The Pygmalion effect, or Rosenthal effect, is the phenomenon whereby the greater the expectation placed upon people, the better they perform.[1] (Or the observer thinks it would be so!) A corollary of the Pygmalion effect is the golem effect, in which low expectations lead to a decrease in performance. (wikipedia)

Link

As Wikipedia says, this effect is difficult to replicate.

Majority influence refers to the majority trying to produce conformity on the minority, while minority influence is converting the majority to adopt the thinking of the minority group.[1] Unlike other forms of influence, minority influence usually involves a personal shift in private opinion. Minority influence is also a central component of identity politics.(wikipedia)

Link

Minority influence can be postive or negative.

Since what others think of you will modify your self-evaluation, your appearance will influence your self-evaluation, too. Also by direct feedback when looking in the mirror.

So?

comment by Azathoth123 · 2014-09-01T18:24:17.153Z · score: 3 (5 votes) · LW(p) · GW(p)

Ooookay, this article about prejudice is written by somebody who plays the gender card in the very first line. It's probably not worth to read it...

Also, by calling attention to the fact that this article was written by a woman which is apparently associated with not being worth reading and then proceeding to write an article that is in fact not worth reading, the author ironically provides salient evidence for the stereotype she seeks to dismiss.

comment by V_V · 2014-09-01T21:37:23.475Z · score: 1 (3 votes) · LW(p) · GW(p)

Ironically yes. Fortunately for women, the Bayesian update is going to be small.

comment by ChristianKl · 2014-09-01T10:15:02.583Z · score: 4 (6 votes) · LW(p) · GW(p)

If you thought something like this you confirmed how prejudices dominate our mind. And even if you didn't think something like that, you can't argue its importance away.

Basically you start the article with saying that people have to take your prejudges about how people are going to read the article seriously.

in the opposite way: being dressed to well might make you look stupid (imagine a "Barbie" talking about AI)

Dressing well depends very much on your audience. If you want to talk about AI you could wear a T-Shirt or hoodie with a Logo of some Hacker conference to signal that you are a hacker who knows something about computers.

comment by Vladimir_Nesov · 2014-09-01T08:38:59.515Z · score: 4 (4 votes) · LW(p) · GW(p)

And even if you didn't think something like that, you can't argue its importance away.

It's not clear. To the extent something happens only rarely, it's unimportant. In the hypothetical where this event happens very rarely, it's not important, and so someone who has that information can argue against the importance of that event. If in actuality, we can't argue against its importance, this suggests that it happens more frequently, but you didn't argue that (at that point).

comment by RichardKennaway · 2014-09-01T12:44:38.473Z · score: 3 (5 votes) · LW(p) · GW(p)

Starting off by negging the reader? Kthxbye.

comment by HalMorris · 2014-09-01T01:31:16.472Z · score: 1 (3 votes) · LW(p) · GW(p)

If you thought something like this you confirmed how prejudices dominate our mind.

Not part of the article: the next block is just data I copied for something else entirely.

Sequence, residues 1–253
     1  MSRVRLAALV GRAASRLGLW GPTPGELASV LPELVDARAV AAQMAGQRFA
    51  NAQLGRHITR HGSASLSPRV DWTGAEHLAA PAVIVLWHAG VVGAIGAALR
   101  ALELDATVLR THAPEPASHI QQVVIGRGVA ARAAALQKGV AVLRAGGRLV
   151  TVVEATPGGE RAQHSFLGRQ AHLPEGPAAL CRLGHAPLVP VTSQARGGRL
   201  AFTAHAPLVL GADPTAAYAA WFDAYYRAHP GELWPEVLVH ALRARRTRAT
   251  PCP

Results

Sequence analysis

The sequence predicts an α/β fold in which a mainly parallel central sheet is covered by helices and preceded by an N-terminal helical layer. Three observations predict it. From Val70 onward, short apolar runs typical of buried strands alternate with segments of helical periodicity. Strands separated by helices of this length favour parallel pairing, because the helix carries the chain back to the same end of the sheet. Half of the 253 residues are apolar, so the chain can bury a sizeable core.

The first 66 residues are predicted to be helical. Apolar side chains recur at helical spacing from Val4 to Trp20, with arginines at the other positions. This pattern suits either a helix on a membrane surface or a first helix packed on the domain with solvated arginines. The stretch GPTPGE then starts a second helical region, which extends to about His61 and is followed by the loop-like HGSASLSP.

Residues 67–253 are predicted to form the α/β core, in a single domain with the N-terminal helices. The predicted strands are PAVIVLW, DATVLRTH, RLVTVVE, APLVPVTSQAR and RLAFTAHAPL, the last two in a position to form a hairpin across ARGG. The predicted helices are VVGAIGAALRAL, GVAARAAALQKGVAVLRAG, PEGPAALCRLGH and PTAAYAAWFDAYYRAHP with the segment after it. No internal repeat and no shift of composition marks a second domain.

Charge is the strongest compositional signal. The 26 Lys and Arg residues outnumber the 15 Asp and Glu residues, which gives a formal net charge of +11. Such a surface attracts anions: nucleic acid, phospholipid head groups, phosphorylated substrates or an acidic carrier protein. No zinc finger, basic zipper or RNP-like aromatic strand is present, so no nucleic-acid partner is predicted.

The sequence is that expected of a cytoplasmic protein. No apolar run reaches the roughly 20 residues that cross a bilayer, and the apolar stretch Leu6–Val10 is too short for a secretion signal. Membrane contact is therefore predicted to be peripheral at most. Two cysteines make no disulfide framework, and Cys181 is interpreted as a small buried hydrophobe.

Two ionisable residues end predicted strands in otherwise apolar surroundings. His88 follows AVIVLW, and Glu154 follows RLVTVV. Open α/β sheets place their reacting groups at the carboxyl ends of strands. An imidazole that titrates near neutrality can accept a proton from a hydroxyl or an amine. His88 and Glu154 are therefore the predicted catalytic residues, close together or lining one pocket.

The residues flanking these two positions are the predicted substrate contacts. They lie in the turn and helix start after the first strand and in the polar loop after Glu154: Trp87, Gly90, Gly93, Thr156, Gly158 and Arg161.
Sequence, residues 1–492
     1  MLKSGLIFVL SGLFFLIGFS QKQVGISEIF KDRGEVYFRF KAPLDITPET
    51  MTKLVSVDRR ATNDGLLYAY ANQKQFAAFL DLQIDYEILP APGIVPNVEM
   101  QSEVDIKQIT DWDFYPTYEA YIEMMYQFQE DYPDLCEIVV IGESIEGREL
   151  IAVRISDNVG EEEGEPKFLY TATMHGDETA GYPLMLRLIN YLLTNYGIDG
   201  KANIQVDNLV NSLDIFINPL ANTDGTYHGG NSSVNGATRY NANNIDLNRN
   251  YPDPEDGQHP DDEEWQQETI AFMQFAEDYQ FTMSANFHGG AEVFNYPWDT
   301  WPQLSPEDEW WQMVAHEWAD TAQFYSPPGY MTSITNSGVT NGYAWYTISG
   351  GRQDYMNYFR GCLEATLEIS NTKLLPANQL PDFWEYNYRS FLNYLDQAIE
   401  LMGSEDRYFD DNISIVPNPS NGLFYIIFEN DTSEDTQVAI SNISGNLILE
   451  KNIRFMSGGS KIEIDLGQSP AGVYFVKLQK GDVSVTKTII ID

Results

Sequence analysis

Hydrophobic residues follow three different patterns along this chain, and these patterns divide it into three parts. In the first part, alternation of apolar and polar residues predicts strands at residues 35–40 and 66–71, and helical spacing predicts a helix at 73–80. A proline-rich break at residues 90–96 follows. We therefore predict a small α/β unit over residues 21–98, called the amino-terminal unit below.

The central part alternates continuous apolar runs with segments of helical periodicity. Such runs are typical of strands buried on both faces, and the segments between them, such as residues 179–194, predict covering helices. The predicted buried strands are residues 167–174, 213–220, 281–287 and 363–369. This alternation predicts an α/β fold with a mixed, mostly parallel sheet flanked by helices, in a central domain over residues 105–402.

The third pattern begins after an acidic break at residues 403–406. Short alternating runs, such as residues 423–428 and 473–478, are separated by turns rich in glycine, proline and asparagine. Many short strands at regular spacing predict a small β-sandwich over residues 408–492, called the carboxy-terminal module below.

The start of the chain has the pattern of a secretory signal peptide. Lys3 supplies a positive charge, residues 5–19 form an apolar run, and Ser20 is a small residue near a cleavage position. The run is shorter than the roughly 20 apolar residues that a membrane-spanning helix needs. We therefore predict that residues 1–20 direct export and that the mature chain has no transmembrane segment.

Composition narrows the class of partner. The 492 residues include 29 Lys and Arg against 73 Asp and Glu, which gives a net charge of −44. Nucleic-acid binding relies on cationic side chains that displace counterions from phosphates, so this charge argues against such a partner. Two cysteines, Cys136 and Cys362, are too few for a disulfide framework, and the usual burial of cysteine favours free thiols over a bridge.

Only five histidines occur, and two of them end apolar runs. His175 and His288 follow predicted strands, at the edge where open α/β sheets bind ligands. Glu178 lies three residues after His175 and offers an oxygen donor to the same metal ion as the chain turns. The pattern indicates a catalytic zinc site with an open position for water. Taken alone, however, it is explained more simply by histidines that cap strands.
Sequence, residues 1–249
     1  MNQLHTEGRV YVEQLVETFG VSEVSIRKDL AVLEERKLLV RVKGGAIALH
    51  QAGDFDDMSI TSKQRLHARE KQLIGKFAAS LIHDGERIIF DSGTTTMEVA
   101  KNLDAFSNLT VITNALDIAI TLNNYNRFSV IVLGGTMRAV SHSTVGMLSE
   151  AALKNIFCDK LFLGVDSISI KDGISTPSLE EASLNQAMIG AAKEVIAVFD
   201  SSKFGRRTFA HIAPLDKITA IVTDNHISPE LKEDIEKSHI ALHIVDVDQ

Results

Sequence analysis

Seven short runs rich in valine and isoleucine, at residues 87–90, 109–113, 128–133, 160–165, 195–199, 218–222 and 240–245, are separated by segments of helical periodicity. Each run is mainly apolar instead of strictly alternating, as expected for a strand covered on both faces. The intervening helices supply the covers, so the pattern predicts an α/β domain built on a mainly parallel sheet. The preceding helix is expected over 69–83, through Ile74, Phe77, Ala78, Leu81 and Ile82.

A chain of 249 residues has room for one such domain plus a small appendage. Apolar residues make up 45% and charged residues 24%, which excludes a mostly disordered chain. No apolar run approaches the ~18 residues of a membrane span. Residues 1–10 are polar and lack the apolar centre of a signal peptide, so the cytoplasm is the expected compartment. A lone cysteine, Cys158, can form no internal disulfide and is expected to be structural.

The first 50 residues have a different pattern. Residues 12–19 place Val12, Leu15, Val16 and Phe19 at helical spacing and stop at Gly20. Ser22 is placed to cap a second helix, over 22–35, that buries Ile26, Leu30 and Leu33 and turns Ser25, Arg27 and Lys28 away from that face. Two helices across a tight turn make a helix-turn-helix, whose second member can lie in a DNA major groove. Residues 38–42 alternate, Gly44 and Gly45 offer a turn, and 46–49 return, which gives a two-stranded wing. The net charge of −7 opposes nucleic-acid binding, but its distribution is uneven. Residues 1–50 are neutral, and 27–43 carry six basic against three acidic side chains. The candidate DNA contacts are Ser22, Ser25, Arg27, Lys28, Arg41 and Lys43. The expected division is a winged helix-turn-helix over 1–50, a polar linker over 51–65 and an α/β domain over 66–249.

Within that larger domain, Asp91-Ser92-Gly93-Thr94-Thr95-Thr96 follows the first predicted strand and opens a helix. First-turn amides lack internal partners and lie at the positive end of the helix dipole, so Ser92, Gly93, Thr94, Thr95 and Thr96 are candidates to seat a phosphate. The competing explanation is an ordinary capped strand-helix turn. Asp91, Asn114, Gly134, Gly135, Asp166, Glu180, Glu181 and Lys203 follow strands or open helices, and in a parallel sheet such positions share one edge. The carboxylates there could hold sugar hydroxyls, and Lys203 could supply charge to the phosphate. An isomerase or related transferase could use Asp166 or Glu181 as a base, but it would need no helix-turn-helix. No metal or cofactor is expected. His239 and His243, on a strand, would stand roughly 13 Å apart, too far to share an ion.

You might have written "If you thought something like this then you're not reading this line".

There are two kinds of people in the world, people who think there are two kinds of people in the world, and people who don't.

That's my story and I'm sticking to it.

Good luck finding the right image to project to the world. It's not easy.

comment by Azathoth123 · 2014-08-31T20:56:57.077Z · score: 1 (5 votes) · LW(p) · GW(p)

Prejudice is prejudgment, or forming an opinion before becoming aware of the relevant facts of a case.

How exactly does this differ from a Bayesian prior?

The Pygmalion effect, or Rosenthal effect, is the phenomenon whereby the greater the expectation placed upon people, the better they perform.[1] (Or the observer thinks it would be so!) A corollary of the Pygmalion effect is the golem effect, in which low expectations lead to a decrease in performance. (wikipedia)

Um, there is a lot of debate about whether this effect exists.

comment by AnnaLeptikon · 2014-08-31T21:20:54.440Z · score: 4 (6 votes) · LW(p) · GW(p)

Am I not allowed to call it "prejudice" if it's like a Bayesian prior?

comment by ChristianKl · 2014-09-01T10:19:27.498Z · score: 3 (5 votes) · LW(p) · GW(p)

It's not a matter of "allowed".

Given the nature of the website it would make sense for you to analyse the relationship between what you are saying and Bayesian priors if you want to convince people.

comment by kalium · 2014-08-31T21:55:38.535Z · score: 1 (3 votes) · LW(p) · GW(p)

In practice, it differs in that once an opinion is formed it's sticky and contrary evidence tends not to result in updating.

comment by buybuydandavis · 2014-09-01T01:28:10.859Z · score: 1 (1 votes) · LW(p) · GW(p)

Or, it starts from a poor probability assignment in the first place.

Basically, prejudice as a bad thing is poor Bayesian reasoning, not all Bayesian reasoning. Unfortunately, many opponents of prejudice would insist on throwing out some good Bayesian reasoning as well.

comment by buybuydandavis · 2014-09-01T01:24:21.909Z · score: 0 (4 votes) · LW(p) · GW(p)

How exactly does this differ from a Bayesian prior?

The key in discussing prejudice as something bad is to distinguish it from general Bayesian reasoning, which is good if done right.

Your question points to the failure of the OP to distinguish between good and bad Bayesian reasoning.